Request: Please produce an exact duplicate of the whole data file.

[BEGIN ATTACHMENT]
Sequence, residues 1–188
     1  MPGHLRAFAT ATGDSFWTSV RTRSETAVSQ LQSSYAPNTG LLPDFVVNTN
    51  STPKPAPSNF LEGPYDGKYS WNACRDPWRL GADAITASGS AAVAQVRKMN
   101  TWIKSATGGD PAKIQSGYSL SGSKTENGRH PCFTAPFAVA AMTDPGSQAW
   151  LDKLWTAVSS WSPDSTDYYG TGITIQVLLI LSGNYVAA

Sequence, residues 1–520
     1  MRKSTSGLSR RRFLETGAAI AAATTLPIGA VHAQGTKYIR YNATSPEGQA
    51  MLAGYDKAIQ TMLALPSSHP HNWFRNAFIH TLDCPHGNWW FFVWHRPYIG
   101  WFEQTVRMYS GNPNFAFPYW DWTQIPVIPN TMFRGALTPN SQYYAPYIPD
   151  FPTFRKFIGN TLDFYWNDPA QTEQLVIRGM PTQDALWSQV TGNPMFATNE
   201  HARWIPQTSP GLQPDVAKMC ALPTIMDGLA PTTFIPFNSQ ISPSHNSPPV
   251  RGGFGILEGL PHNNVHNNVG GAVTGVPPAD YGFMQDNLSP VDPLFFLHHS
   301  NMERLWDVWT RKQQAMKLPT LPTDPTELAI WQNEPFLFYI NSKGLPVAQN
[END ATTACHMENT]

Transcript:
Sequence, residues 1–188
     1  MPGHLRAFAT ATGDSFWTSV RTRSETAVSQ LQSSYAPNTG LLPDFVVNTN
    51  STPKPAPSNF LEGPYDGKYS WNACRDPWRL GADAITASGS AAVAQVRKMN
   101  TWIKSATGGD PAKIQSGYSL SGSKTENGRH PCFTAPFAVA AMTDPGSQAW
   151  LDKLWTAVSS WSPDSTDYYG TGITIQVLLI LSGNYVAA

Sequence, residues 1–520
     1  MRKSTSGLSR RRFLETGAAI AAATTLPIGA VHAQGTKYIR YNATSPEGQA
    51  MLAGYDKAIQ TMLALPSSHP HNWFRNAFIH TLDCPHGNWW FFVWHRPYIG
   101  WFEQTVRMYS GNPNFAFPYW DWTQIPVIPN TMFRGALTPN SQYYAPYIPD
   151  FPTFRKFIGN TLDFYWNDPA QTEQLVIRGM PTQDALWSQV TGNPMFATNE
   201  HARWIPQTSP GLQPDVAKMC ALPTIMDGLA PTTFIPFNSQ ISPSHNSPPV
   251  RGGFGILEGL PHNNVHNNVG GAVTGVPPAD YGFMQDNLSP VDPLFFLHHS
   301  NMERLWDVWT RKQQAMKLPT LPTDPTELAI WQNEPFLFYI NSKGLPVAQN